The FireSmart program was established to educate Canadians about the various initiatives they can pursue to protect their families, communities and properties from wildfire risk. The program is spread out over seven key disciplines: vegetation management, public education, legislation, development, planning, cross-training, and inter-agency cooperation. When a comprehensive wildfire risk reduction effort is pursued across all seven disciplines, the wildfire risk faced by communities located in the wildland urban interface can be greatly reduced. Partnerships and inter-agency collaborations between residents, community associations, local industries, municipal governments, municipal fire departments and other groups are also key to efficiently deploying a strong FireSmart strategy. An important and ongoing focus of the program has been on homeowners. Homeowners are encouraged to assess their risk of loss through a formal assessment. Proven risk reduction practices are identified to protect individual structures from fire damage. These include structural elements, like fire resistant roofing and siding, and vegetation management focused on zones of protection around structures. In the spring of 2011, 52 wildfires were reported in the Slave Lake region of Alberta over a four-day period. During this extreme wildfire situation, approximately 23 wildfires presented an important threat to communities, including the Town of Slave Lake. The Flat Top Complex of wildfires was particularly destructive, resulting in a total of 484 single-family homes and many other structures destroyed throughout the Slave Lake region. At the time, this represented the largest loss of private homes from a single natural disaster in Canadian history. The first of the Flat Top Complex of wildfires entered the Town of Slave lake. Following this event, the Town developed a strategy around FireSmart principles to reduce future wildfire risks for the community.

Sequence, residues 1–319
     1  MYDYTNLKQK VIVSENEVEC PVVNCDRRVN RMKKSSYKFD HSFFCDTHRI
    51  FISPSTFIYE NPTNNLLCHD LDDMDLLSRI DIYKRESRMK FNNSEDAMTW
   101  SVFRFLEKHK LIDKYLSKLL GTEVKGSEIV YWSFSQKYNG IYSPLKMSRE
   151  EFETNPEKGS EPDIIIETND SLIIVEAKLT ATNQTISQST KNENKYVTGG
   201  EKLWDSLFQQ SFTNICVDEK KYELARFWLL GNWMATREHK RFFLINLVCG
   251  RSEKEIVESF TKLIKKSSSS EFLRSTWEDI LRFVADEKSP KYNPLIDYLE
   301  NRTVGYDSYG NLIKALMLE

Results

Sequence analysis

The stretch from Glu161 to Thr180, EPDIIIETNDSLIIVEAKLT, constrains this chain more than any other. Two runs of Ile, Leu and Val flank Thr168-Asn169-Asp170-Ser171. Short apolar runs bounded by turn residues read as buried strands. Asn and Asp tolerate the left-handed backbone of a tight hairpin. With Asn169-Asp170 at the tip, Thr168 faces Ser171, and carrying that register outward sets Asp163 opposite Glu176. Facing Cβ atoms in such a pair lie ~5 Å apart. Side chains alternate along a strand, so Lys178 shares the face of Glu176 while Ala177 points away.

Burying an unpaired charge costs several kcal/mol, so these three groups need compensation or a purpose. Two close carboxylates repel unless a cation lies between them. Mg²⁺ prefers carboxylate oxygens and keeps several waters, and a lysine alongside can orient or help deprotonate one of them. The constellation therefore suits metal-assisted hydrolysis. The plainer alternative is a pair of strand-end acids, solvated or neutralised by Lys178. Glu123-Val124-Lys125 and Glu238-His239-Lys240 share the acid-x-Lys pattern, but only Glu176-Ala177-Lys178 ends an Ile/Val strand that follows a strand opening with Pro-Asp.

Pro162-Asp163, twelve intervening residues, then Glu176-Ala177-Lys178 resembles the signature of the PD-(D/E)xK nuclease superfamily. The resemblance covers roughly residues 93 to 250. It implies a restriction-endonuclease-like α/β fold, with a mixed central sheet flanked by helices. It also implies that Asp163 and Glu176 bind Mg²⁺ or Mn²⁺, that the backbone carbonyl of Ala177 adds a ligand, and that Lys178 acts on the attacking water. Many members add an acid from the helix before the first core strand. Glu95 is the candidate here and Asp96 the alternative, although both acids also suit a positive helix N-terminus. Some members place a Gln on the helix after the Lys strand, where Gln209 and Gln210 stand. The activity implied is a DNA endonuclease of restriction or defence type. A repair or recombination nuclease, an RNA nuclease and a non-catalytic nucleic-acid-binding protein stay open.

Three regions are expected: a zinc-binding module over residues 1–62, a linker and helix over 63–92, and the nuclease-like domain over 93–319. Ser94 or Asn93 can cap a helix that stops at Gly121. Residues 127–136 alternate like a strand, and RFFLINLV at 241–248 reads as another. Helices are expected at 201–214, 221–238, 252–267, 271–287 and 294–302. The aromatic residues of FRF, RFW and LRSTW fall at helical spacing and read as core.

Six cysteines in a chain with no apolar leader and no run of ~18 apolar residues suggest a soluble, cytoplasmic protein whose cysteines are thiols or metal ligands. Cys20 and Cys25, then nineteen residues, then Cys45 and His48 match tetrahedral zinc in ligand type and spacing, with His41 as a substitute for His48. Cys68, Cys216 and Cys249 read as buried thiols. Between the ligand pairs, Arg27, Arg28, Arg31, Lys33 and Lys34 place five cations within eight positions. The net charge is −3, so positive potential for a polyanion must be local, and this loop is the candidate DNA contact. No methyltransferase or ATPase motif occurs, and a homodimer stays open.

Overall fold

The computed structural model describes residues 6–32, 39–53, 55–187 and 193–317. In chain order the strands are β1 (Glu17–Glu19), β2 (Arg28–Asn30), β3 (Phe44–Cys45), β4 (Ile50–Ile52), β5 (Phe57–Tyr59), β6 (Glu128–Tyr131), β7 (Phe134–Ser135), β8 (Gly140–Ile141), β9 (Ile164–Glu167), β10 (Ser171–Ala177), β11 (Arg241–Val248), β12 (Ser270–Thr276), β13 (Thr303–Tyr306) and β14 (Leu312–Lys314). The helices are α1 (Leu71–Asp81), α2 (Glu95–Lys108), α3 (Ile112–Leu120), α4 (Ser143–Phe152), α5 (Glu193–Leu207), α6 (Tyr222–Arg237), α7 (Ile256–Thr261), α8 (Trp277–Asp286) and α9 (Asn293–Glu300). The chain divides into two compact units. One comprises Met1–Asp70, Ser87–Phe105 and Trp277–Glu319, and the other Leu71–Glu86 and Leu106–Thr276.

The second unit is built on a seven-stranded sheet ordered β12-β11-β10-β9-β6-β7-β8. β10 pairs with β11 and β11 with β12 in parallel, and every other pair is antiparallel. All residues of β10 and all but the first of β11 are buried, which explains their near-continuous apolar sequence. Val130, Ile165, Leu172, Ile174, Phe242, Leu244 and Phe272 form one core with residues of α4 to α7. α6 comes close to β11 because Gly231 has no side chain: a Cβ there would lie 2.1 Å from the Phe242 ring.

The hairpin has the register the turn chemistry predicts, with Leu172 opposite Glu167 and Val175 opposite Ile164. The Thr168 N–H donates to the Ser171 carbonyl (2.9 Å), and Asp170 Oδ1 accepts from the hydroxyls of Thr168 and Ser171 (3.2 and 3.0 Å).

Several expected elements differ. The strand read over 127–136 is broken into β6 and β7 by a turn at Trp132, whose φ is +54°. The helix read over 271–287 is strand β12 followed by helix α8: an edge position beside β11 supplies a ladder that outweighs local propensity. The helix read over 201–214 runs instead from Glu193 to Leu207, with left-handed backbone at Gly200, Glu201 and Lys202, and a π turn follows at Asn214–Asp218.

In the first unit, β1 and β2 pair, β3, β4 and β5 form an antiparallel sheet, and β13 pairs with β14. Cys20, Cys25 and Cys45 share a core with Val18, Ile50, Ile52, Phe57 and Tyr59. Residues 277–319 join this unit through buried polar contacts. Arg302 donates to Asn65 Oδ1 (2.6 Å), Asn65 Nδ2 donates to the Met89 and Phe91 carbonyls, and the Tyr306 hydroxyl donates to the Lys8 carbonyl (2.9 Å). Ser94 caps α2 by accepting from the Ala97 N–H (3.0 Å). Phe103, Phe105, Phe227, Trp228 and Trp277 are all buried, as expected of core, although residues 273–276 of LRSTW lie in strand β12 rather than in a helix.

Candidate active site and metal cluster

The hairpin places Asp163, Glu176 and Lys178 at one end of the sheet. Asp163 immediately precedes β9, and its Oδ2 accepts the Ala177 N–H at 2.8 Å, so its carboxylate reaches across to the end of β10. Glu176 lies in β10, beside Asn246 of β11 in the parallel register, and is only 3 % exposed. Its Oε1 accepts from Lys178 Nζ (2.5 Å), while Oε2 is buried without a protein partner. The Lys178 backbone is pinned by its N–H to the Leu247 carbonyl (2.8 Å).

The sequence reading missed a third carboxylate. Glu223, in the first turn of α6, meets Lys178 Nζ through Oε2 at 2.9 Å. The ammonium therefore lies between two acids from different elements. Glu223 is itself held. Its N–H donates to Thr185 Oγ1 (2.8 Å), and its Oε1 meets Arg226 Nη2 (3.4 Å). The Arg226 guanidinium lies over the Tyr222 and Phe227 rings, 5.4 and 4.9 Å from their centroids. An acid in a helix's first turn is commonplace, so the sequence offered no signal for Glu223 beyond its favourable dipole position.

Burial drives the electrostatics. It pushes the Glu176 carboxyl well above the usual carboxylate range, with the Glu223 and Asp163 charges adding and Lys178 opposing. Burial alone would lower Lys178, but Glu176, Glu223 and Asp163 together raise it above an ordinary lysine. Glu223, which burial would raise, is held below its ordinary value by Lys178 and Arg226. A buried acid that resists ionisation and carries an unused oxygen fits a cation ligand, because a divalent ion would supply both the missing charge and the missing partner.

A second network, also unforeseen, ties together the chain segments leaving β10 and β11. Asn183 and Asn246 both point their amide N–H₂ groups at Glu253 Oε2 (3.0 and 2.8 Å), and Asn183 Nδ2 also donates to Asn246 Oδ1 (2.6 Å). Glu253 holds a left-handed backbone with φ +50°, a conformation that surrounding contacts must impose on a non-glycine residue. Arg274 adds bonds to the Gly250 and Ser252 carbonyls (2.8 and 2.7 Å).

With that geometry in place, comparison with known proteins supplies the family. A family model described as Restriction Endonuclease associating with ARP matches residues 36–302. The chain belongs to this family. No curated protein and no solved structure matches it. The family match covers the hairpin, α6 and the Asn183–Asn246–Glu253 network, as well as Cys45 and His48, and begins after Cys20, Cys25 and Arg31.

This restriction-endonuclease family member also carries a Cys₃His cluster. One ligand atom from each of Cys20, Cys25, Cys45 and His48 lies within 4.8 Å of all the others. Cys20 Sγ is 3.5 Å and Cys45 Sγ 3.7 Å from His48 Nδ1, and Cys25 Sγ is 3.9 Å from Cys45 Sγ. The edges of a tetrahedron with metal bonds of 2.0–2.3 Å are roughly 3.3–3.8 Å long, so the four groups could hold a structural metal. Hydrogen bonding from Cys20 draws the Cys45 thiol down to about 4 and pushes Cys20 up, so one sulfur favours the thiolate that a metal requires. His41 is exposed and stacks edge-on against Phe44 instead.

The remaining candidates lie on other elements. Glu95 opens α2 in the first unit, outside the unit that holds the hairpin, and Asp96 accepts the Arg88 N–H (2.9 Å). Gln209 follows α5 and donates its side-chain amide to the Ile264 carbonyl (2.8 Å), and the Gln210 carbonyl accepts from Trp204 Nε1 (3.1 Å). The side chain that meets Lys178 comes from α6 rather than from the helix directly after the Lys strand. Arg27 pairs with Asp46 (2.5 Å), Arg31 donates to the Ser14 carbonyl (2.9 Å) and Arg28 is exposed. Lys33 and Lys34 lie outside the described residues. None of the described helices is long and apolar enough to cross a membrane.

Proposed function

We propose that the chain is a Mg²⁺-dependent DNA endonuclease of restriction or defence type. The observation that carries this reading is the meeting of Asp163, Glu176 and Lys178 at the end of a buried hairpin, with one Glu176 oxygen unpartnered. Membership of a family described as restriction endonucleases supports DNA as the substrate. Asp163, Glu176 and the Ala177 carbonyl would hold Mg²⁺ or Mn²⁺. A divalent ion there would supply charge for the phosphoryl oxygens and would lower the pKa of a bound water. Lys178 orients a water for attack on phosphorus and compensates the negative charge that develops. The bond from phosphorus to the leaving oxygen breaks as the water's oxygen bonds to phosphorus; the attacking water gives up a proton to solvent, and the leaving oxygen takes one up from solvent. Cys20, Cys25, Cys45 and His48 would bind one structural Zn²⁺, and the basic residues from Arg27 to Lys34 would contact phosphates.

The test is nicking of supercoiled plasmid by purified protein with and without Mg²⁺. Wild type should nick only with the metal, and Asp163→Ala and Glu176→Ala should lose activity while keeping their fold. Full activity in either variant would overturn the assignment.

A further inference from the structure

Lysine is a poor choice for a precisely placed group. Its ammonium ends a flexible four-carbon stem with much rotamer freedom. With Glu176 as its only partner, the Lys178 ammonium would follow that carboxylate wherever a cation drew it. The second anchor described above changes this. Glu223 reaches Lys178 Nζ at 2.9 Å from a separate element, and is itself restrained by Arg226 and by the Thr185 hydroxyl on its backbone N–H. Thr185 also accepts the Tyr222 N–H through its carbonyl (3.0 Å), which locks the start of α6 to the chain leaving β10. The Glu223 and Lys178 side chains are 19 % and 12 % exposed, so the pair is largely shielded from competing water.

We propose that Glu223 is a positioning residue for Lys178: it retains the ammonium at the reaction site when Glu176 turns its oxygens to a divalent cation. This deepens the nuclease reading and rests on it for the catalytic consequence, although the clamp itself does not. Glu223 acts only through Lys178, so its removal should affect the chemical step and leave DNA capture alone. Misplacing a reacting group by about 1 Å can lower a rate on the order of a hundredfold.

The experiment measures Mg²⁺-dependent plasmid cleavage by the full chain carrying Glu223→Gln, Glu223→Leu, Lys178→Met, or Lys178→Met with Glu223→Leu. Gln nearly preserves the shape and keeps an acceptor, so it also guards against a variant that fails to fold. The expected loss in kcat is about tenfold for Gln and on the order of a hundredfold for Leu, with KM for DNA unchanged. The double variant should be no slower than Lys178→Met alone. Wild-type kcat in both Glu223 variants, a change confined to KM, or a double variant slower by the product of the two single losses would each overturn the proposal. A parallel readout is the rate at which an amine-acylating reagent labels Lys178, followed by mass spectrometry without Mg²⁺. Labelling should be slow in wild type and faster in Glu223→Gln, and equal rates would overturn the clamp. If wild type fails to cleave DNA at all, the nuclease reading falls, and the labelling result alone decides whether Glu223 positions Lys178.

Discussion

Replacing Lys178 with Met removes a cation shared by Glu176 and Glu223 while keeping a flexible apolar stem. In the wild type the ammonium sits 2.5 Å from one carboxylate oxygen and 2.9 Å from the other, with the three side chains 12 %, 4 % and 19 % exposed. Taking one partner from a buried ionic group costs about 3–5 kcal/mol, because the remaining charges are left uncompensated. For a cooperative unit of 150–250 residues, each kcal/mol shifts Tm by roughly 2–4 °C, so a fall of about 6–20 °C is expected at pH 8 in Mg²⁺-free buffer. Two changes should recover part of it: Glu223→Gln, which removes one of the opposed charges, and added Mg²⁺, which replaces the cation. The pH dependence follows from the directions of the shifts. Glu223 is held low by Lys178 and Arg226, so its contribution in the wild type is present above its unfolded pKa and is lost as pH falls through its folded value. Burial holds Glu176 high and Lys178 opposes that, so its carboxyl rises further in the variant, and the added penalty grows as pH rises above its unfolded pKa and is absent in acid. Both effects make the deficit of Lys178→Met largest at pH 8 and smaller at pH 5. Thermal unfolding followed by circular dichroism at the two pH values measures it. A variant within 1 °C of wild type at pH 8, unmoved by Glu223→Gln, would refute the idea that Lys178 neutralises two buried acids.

After suffering severe damage due to the Flat Top Fire Complex in 2011, the Town of Slave Lake, Alberta, undertook an aggressive and forward-looking approach to fire risk mitigation. The Flat Top Fire Complex entered the town from the surrounding woods of Alberta’ boreal forest. It caused the destruction of 484 single-family homes and many other structures and forced an evacuation of the town. At the time, this represented the largest loss of private homes from a single natural disaster in Canadian history. Following the disaster, the town’s fire department went door-to-door to help educate citizens about FireSmart practices and how they could better protect their homes against ignition. These visits were also supplemented by training courses and risk reduction workshops. The town also invested nearly $7 million in vegetation clearances to help reduce the potential fuels for another fire in the surrounding areas. Additionally, they allocated substantial resources to improving operational response capacity and efficiency. As a result of these measures, in 2015, the Municipal District of Lesser Slave River, which includes the Town of Slave Lake, received the FireSmart Community Protection Achievement Award, which recognizes Canadian communities dedicated to reducing wildfire risk on their landscape through the implementation of FireSmart solutions.